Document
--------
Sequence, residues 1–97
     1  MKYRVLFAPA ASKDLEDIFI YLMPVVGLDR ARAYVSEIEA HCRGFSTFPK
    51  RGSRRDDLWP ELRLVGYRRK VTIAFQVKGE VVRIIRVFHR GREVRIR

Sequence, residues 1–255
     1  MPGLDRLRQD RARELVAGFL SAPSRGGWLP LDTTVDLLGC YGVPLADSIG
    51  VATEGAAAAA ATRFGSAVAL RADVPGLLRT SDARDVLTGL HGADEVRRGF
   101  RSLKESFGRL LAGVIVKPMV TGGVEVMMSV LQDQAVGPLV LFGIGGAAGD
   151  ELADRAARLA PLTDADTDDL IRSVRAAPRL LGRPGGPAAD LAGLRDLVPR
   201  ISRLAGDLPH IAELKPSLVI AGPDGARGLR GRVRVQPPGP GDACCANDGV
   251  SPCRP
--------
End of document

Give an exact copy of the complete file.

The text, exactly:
Sequence, residues 1–97
     1  MKYRVLFAPA ASKDLEDIFI YLMPVVGLDR ARAYVSEIEA HCRGFSTFPK
    51  RGSRRDDLWP ELRLVGYRRK VTIAFQVKGE VVRIIRVFHR GREVRIR

Sequence, residues 1–255
     1  MPGLDRLRQD RARELVAGFL SAPSRGGWLP LDTTVDLLGC YGVPLADSIG
    51  VATEGAAAAA ATRFGSAVAL RADVPGLLRT SDARDVLTGL HGADEVRRGF
   101  RSLKESFGRL LAGVIVKPMV TGGVEVMMSV LQDQAVGPLV LFGIGGAAGD
   151  ELADRAARLA PLTDADTDDL IRSVRAAPRL LGRPGGPAAD LAGLRDLVPR
   201  ISRLAGDLPH IAELKPSLVI AGPDGARGLR GRVRVQPPGP GDACCANDGV
   251  SPCRP